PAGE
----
Then there are the “PhD”s who often went to now defunct and highly questionable “colleges”. The MD’s who write these books have, in my view, wasted an expensive and extensive education only to join up with all of the quacks.

      I know some of these kinds of people and many of them mean well and truly want to “help people”. They see themselves as “healers”, but of course healing to them is all about the naturalistic fallacy and vitalism–and “spirituality”. They’re really under the illusion (delusion?) that MD’s have wasted their time in medical school for the most part. The worst thing about the small town I lived in that was very woo-ish was the number of MD’s there doing “holistic”, “complimentary”, “integrative” and all sorts of other “alternative” modalities, especially acupuncture. The claims made by many of the massage therapists were way out of their licensing limits.

      Well, I could go on, but you get the idea. It’s good to know that I am not alone either because now I live in a largish city in the midwest and it’s almost as bad as the small town on the West Coast.The reason I feel alone is because the more I learn about CAM and how to evaluate studies, etc., the less I want to be around these people. I’ve become somewhat isolated socially and am working on making new contacts in hopes of making some newer and more rational thinking friends.

      If you like this blog, check out
      Scott Gavura is a contributor there as well.

      • Thank you Janet for the warm welcome. I’m with you on not wanting to spend time with SCAM believers. It just hurts my brain to argue with them and probably negatively impacts my health (although this of course needs to be studied to be proven).. Fortunately I haven’t met too many woo-ish MD’s in my town. I do wish that more of them would speak up against woo though. I just had to fire my veterinarian though, as she has turned into a real SCAM practitioner. She did this procedure on my Golden Retriever where she had her assistant come in and touch my dog, while she touched different foods and if the assistant’s hand moved in a certain way, she concluded my dog had an allergy to what was in the bag of food. No kidding. She also is promoting some kind of light wand therapy for improving joint pain in dogs, which from what I read, makes no sense at all. She has lots of great anecdotal stories though..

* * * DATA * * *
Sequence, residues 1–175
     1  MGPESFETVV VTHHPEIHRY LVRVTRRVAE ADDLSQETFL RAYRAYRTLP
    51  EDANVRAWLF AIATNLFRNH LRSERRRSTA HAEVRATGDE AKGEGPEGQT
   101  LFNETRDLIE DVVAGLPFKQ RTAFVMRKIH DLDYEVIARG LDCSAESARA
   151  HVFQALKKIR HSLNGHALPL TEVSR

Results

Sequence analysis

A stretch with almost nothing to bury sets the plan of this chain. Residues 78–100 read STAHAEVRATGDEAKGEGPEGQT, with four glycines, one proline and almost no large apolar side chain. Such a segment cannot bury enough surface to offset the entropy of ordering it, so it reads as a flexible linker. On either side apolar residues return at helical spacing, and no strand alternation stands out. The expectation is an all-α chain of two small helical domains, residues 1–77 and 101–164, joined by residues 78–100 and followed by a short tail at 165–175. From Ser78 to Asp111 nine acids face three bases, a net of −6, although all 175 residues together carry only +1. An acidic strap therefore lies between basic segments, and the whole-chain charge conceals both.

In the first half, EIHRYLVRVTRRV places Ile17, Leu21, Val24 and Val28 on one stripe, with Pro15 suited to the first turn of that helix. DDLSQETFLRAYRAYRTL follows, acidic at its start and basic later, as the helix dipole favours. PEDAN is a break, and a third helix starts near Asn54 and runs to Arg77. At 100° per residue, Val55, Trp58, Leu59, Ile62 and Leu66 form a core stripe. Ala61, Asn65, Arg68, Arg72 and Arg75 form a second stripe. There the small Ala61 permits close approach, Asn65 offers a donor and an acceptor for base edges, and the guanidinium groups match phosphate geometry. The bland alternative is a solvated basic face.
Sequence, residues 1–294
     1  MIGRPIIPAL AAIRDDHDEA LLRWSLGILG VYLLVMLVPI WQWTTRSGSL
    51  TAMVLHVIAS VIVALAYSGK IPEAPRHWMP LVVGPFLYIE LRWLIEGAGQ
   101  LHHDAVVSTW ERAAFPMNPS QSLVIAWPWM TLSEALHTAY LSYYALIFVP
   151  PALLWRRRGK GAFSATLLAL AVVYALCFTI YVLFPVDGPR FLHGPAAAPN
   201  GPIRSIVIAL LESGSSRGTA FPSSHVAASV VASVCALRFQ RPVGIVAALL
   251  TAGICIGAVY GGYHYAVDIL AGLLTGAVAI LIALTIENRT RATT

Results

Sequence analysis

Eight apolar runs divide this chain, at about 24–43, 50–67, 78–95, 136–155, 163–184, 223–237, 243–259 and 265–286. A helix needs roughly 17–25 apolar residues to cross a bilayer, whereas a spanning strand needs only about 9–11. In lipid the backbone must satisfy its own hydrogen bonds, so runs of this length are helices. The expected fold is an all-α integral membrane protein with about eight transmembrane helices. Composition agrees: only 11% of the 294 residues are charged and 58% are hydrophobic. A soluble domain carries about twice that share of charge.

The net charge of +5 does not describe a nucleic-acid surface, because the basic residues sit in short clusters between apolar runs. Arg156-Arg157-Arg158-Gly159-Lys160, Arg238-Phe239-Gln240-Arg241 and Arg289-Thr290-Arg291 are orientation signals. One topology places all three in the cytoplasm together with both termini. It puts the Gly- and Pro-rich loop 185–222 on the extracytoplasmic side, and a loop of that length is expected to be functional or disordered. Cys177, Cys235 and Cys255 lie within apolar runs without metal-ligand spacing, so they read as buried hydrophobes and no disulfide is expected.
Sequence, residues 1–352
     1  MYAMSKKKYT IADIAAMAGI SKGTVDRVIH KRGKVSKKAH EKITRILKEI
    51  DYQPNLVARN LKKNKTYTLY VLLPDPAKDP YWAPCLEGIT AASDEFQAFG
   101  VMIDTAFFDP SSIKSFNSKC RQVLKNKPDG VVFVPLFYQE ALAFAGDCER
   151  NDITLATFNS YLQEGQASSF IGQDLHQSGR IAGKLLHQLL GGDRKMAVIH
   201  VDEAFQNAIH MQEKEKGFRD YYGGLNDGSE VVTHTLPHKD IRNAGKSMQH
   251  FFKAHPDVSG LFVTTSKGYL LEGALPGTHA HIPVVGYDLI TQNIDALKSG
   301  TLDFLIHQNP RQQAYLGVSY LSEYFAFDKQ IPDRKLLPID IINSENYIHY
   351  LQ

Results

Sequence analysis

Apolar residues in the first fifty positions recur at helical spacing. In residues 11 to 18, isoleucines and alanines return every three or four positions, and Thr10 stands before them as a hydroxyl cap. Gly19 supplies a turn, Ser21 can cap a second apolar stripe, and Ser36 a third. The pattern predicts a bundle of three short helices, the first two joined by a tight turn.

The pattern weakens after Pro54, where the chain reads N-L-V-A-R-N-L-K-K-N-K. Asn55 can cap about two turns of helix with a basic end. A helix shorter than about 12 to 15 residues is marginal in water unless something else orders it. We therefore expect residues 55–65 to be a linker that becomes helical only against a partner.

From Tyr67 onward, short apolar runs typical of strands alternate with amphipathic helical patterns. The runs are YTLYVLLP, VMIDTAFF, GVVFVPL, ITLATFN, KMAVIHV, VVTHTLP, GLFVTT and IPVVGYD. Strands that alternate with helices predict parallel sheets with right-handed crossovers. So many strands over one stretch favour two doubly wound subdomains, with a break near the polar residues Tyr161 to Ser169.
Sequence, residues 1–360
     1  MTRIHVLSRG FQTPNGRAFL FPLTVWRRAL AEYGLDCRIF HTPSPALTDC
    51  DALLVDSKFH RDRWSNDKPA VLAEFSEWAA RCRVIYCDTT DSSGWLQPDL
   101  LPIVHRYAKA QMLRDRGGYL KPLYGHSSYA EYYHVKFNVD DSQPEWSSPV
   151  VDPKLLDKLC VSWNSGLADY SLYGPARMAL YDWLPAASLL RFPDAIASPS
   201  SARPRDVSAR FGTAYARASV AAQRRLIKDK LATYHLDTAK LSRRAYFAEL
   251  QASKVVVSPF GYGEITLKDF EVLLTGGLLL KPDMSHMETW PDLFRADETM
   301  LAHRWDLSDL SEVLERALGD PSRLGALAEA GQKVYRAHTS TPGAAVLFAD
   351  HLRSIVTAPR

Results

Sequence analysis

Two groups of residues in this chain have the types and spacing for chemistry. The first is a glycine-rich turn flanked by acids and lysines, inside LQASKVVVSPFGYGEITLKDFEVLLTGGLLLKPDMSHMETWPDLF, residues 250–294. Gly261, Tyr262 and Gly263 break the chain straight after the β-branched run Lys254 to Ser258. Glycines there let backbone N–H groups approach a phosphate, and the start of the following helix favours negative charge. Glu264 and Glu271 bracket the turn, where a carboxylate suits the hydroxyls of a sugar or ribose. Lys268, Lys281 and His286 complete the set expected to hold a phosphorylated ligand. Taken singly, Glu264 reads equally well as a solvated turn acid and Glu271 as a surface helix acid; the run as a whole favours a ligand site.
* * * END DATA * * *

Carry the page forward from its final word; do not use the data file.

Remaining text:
• Your poor dog! That allergy test is done on people too–it’s called Applied Kinesiology or “Muscle Testing”, and is not to be confused with the legitimate science that deals with the interrelationship of the physiological processes and anatomy of the human body with respect to movement.

        My vets are okay so far, but their staff have given me reason to complain by making absurd claims about pet food and feeding–a subject already full of woo from the marketers and advertisers.

        It’s just awful that these people (well-meaning or not) are extending their reach into the non-verbal animal world. At least you or I can say, “no thanks” when offered these “treatments”.

        There is a great blog I’d like to share with you. I believe the blogger is an occasional contributor to SBM blog as well.

  14. For some reason I haven’t been able to log in to WP for a few weeks, but now that the problem is fixed, I just wanted to thank everyone for their thoughtful comments! Thanks especially to Janet and Scott for their replies in my absence – although you did a better job than I would have anyway… It seems that I am not alone in my battle, and it has been heartening to receive such support. I am quite amused by the story about the applied kinesiology in the dog – allergy quackery is my main focus, and I certainly hadn’t heard of it being used in dogs! I have 3 goldens, and thankfully no vet we have used has tried to push woo on us. Yet…

  15. Poor you…stuck in an uneducated woo-friendly town. Don’t despair; your comment are appreciated on science blogs.

    fondly, lilady